††††††††††††††††††††††††††††††††††††††††††††††††††††††††††††††††††††† History 227
††††††††††††††††††††††††††††††††††††††††††††††††††††††††††††††††††† British History
†††††††††††††††††††††††††††††††††††††††††††††††††††††††† Second Semester, 2004-2005
†††††††††††††††††††††††††††††††††††††††††††††††††††††††††††††††††† Reed Browning
This lecture course will introduce students to the outlines of the most recent five hundred years of British history Ė i.e., from Henry VII (the first Tudor monarch) to Tony Blair (the current Prime Minister). The structural integrity and narrative backbone of the course are supplied by political/diplomatic/military history, but we will deal extensively with religious, intellectual, and social history as well.† Because the course has a three-book text (first Smith, then Willcox, then Arnstein) that tells the narrative story, I will feel free to use the lectures to suggest different angles of vision, to present subjects not treated in the texts, and to discuss why historians have come to certain conclusions. While I think the course offers much of value to any student, I intend it to be particularly useful for students planning on visiting the United Kingdom, for students interested in English literature, and for students curious about the political/ constitutional legacy that the American republic inherited at its moment of independence.†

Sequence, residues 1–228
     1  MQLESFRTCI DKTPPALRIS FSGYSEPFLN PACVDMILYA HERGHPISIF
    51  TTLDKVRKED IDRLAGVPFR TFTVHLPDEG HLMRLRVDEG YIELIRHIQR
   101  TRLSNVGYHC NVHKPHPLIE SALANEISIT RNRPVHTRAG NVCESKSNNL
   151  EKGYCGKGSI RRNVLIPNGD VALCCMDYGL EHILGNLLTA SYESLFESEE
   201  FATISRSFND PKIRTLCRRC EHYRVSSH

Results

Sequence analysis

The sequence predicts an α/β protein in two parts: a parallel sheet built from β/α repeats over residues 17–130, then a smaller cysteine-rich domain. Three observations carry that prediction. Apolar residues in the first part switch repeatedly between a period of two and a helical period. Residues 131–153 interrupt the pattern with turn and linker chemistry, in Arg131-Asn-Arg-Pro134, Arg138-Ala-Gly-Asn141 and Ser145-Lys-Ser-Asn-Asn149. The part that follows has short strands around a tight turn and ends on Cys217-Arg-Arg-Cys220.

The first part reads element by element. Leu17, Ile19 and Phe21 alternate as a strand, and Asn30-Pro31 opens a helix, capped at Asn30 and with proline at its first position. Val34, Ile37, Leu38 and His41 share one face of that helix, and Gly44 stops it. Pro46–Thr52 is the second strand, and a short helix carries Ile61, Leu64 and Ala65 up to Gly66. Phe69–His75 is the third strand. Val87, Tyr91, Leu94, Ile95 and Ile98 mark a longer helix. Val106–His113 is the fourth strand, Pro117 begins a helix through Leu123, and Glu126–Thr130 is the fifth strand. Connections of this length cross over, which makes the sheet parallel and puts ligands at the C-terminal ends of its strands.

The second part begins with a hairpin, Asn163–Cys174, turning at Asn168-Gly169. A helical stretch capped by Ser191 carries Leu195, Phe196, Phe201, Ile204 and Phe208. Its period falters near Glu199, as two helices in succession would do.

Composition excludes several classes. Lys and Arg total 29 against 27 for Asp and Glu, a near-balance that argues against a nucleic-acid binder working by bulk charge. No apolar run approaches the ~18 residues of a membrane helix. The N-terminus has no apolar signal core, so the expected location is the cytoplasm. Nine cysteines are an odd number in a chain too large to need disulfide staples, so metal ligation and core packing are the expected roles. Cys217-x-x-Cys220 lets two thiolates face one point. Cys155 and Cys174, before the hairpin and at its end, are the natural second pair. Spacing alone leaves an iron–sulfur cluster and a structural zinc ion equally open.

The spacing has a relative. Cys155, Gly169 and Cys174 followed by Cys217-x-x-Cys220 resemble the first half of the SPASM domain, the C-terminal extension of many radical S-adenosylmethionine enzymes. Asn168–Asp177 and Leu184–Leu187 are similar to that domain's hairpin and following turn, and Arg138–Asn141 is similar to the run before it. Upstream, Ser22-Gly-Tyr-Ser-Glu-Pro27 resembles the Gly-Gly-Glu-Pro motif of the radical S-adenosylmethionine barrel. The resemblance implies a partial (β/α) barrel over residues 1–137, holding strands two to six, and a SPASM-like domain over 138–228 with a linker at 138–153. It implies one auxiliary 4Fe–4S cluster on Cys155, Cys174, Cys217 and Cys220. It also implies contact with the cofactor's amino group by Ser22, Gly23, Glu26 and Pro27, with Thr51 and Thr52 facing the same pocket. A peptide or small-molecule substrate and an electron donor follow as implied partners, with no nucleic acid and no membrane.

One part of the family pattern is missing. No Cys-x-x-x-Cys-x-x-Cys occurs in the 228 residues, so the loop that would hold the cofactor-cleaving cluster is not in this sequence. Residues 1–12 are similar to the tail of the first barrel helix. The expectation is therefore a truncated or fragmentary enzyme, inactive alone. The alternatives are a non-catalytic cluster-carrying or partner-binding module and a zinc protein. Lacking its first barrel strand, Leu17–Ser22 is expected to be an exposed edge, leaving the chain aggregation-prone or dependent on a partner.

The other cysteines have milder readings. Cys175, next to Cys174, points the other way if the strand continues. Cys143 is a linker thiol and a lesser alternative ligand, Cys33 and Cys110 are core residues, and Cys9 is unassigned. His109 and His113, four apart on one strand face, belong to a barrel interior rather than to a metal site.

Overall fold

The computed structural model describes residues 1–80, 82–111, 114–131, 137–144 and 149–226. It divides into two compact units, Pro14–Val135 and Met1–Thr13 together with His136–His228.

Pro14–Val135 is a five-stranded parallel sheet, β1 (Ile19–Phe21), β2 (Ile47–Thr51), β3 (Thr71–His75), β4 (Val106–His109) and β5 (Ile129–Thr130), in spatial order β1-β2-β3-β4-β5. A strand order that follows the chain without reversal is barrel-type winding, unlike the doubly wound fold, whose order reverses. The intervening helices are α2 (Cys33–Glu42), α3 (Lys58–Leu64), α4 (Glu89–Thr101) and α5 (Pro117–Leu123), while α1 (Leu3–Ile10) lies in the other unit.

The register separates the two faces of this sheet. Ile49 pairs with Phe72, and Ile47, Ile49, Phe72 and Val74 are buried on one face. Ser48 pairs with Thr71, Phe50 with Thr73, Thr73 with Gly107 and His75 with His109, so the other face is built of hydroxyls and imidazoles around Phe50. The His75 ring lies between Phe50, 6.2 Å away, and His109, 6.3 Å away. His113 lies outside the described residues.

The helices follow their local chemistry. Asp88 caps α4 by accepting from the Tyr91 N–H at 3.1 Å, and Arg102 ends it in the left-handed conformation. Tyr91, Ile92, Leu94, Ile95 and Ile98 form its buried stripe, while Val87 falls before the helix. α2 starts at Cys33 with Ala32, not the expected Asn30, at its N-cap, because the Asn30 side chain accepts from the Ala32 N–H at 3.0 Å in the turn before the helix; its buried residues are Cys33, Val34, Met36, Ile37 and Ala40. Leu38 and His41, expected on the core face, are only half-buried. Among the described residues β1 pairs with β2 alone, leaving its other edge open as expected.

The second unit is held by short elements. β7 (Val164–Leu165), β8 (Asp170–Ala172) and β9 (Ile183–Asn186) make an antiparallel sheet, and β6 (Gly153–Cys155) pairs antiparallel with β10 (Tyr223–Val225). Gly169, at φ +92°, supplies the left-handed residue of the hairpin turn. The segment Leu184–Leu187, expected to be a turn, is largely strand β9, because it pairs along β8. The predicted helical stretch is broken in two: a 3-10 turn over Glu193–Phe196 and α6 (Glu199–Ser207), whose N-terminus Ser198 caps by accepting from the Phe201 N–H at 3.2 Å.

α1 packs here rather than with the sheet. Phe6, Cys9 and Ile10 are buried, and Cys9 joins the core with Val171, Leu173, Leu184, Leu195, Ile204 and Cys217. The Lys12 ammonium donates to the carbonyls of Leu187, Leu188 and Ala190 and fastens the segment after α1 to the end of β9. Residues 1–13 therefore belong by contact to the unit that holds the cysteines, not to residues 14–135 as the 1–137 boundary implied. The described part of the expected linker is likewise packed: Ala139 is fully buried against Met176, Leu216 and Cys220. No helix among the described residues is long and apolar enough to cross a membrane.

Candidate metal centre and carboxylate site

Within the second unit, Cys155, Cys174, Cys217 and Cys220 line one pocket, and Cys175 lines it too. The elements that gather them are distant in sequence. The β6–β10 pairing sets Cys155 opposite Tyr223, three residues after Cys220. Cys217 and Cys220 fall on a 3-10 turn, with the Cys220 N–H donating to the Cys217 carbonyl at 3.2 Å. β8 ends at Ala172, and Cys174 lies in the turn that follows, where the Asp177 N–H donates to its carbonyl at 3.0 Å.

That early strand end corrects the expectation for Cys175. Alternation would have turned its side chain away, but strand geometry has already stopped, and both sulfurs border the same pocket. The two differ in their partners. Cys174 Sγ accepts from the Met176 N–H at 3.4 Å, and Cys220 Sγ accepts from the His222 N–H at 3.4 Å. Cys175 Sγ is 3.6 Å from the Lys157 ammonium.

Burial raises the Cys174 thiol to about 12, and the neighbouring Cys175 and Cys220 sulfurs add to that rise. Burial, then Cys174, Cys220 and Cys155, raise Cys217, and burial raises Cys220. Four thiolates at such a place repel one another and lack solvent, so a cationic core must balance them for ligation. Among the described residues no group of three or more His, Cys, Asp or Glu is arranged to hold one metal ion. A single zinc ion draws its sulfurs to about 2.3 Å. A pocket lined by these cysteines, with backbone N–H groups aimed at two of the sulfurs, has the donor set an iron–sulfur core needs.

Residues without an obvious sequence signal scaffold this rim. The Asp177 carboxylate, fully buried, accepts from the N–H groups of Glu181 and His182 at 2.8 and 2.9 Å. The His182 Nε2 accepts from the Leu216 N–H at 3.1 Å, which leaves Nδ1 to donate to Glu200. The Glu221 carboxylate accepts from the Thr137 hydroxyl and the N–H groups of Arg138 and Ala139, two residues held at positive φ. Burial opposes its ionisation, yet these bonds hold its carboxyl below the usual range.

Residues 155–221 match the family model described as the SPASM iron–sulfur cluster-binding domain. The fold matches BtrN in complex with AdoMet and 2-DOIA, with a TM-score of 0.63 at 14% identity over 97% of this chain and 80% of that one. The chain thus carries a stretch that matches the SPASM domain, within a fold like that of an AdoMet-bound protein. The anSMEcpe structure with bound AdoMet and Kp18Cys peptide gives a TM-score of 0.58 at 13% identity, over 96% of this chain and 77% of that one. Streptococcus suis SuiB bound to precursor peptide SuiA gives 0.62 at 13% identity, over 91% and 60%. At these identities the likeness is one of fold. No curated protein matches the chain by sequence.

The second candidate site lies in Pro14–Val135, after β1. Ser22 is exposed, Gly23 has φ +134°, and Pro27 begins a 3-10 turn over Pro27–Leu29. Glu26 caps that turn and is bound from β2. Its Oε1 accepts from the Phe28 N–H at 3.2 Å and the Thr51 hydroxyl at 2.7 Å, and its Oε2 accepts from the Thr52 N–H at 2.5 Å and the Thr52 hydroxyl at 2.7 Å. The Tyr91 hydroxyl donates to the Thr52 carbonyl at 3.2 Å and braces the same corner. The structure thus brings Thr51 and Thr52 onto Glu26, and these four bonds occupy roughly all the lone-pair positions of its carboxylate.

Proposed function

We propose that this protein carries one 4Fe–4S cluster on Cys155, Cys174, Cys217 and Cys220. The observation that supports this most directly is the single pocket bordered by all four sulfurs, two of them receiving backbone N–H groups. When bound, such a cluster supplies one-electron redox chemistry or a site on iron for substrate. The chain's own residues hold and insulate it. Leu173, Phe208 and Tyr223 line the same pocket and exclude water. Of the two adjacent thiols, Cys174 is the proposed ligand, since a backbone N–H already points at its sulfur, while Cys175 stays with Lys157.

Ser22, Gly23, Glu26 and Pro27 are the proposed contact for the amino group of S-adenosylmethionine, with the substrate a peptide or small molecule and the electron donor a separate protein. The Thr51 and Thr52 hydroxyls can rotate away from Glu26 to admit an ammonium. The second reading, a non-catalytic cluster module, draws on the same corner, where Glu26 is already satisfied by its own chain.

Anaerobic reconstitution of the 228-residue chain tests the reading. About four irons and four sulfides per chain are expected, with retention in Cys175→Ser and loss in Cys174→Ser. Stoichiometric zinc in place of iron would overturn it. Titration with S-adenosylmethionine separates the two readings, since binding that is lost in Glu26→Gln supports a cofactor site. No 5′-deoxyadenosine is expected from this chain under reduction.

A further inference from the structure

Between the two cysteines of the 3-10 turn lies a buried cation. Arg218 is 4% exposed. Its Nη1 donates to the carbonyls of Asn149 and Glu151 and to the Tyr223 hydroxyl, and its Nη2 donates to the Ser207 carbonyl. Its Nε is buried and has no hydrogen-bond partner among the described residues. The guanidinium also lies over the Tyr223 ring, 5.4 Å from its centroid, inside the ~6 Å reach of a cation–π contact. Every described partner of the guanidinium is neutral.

The following books should be purchased:
Walter Arnstein, Britain Yesterday and Today
Lacey Baldwin Smith, This Realm of England
William Willcox, The Age of Aristocracy
Asa Briggs, Victorian Cities
Linda Colley, Britons: Forging the Nation
Peter Gaunt, Oliver Cromwell
Christopher Haigh, Elizabeth I
Bernard Porter, The Lionís Share